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Cleveland Heart Inflammation Panel

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  • Cleveland Heart Inflammation Panel

    Just got my results and not what I expected. I have severe aortic stenosis and arterial blockage, so I expected I had a severe inflammation problem.

    I don't.

    Everything on all 3 pages is green and most are labeled low. Microalbumin is undetectable. Is this good?

    Even the 3rd page says:

    Risk for Disease: Low Risk
    Presence of Disease: Low Risk
    Disease Activity: Low Risk

    This is all good to know, but what do I do now to address plaque problem?

  • #2
    So, the real question may be have you found out and corrected, to the extent possible, whatever health issues resulted in the aortic stenosis and arterial blockage? If you did then great, just keep a healthy lifestyle going forward. If you aren't sure, then best to try to understand if you still need to make other adjustments beyond what is shown on the Cleveland Heart Inflammation panel. It is certainly a good sign that you are green on all of that inflammation panel. However, to my understanding a healthy lifestyle won't likely significantly reverse existing damage. If you can stabilize your health going forward, the existing damage might not be bother you as much as it would otherwise if it continued. If you are on a statin, over a period of time it can help reduce the plaque burden intima-media thickness by promoting the removal of cholesteryl ester from your arteries (see the videos on CIMT). Some people can do this to a degree without a statin by strict lifestyle adjustment, but not many it would appear. Through this same process you will also get some decrease in the size of discrete plaques. I try to keep my triglycerides under 100 mg/dL (well below the "normal" upper limit of 150 mg/dL standard) to decrease the addition of plaque in the future (see video on triglyceride/HDL-C ratio).
    Last edited by Tom; 02-08-2019, 11:01 PM.

    Comment


    • #3
      hello doctor. this is my first post. thank you for sharing your knowledge.. i have a simple question of what do i do to raise mt HDL. i AM DOWN to a 39. i am 65 and have found how dramatic an effect going veggie can have. after 6 mnths monsterousbeneficial change but still low HDL.

      THANKS IN ADVANCE

      Comment


      • mtbizzle
        mtbizzle commented
        Editing a comment
        I think there's a relatively short list of stuff that is known to raise HDL.
        -Exercise!!
        -Niacin
        -Red wine, in small amounts? (I should say, you don't want sugary, sweet red wine, or a lot of alcohol. If you go for red wine, in part seeking a health benefit, get very 'dry' (low sugar, high tannin) red wine. Two ideal wines for this: Tannat & Sargantino wine. They are typically very 'dry', and they are known to have substantially higher tannins/resveratol than other wine.)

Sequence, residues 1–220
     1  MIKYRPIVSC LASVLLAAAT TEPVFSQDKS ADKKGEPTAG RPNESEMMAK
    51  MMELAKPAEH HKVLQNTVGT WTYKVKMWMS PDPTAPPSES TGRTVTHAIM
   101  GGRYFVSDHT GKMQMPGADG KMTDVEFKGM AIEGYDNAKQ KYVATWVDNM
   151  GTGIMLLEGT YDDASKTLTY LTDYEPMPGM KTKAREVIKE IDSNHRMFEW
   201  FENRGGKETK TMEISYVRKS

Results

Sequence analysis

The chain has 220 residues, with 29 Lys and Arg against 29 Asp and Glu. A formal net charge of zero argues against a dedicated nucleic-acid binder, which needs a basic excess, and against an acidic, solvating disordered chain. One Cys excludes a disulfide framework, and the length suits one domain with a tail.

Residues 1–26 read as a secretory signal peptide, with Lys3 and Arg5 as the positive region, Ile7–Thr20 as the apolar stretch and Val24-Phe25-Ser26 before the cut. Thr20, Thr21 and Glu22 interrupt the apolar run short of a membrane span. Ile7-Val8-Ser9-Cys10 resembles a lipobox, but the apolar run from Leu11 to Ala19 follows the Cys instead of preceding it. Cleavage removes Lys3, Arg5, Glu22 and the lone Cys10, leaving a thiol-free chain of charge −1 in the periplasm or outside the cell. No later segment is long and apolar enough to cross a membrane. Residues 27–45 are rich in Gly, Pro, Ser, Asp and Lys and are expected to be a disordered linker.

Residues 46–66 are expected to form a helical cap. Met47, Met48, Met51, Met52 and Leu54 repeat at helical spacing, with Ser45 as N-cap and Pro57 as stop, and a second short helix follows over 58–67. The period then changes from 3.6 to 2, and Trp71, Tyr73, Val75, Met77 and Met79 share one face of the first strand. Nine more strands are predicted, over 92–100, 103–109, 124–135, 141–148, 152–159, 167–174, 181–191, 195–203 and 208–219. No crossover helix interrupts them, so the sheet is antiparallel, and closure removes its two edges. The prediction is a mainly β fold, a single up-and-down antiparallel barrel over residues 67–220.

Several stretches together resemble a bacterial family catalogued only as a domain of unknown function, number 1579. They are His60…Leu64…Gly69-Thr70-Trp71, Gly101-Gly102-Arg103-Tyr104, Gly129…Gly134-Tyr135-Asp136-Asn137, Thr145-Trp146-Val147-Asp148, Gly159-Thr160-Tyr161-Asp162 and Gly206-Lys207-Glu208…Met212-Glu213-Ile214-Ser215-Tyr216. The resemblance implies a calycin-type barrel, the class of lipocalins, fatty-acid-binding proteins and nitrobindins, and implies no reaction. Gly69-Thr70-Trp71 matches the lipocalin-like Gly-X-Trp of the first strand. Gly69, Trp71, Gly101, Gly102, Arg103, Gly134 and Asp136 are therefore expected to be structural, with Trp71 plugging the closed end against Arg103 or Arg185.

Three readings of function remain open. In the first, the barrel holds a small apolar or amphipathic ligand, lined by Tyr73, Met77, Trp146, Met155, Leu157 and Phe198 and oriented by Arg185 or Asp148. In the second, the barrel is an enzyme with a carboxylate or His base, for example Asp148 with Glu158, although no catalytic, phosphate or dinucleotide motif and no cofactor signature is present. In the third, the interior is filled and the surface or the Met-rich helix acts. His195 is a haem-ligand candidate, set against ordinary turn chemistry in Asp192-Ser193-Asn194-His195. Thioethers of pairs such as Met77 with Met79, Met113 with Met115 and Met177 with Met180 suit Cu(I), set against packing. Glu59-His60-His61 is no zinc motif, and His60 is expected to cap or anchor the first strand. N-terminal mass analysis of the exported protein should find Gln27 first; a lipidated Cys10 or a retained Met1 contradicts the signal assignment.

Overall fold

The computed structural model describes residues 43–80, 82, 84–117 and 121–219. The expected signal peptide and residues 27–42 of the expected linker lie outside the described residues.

-I believe a few foods may potentially help with HDL -- avocados, chia, flax, sardines, salmon, extra virgin olive oil?

    • #4
      I am not a doctor or even an expert, but I have tried to educate myself on the basics. Many, but not all, people who have low HDL-C also have triglycerides over 130 mg/dL (I used to have triglycerides over 300 mg/dL). Exercise, lowering carbohydrates in the diet and niacin can be helpful to lower triglycerides. For that group of people who tend towards metabolic syndrome, lowering their triglycerides will increase their HDL-C levels (see the videos on the triglyceride/HDL-C ratio). While there are issues with using the HDL-C level as an measure of HDL functionality, keeping the triglyceride/HDL-C ratio low (under 2 if possible) is beneficial health wise.

      Comment


      • #5
        Originally posted by fatguy5 View Post
        hello doctor. this is my first post. thank you for sharing your knowledge.. i have a simple question of what do i do to raise mt HDL. i AM DOWN to a 39. i am 65 and have found how dramatic an effect going veggie can have. after 6 mnths monsterousbeneficial change but still low HDL.

        THANKS IN ADVANCE
        I am eating a vegetarian diet and I was amazed how quickly niacin lowered my ldl and raised my hdl. Both were in range, but not optimal and in just 3 months I saw a major improvement. Because of plaque problems (arteries and aortic valve), I am trying to drive my ldl down to 50-60, so I am adding low dose Crestor as well. I take Endur-acin which is extended release niacin and I experience only a very minor flush. My HDL went from about 46 to 69 in 3 months.
        Last edited by rich; 02-10-2019, 11:52 AM.

        Comment


        • mtbizzle
          mtbizzle commented
          Editing a comment
          Wow it's great to hear a case where the numbers are going in the right direction, big time! You probably already know this, but figured i'd mention -- I believe it's important to monitor your liver when taking niacin, especially extended release, higher dose? There are a few simple tests that are recommended, I believe. You should be able order the tests yourself, so you don't need to go to the doc just to monitor them.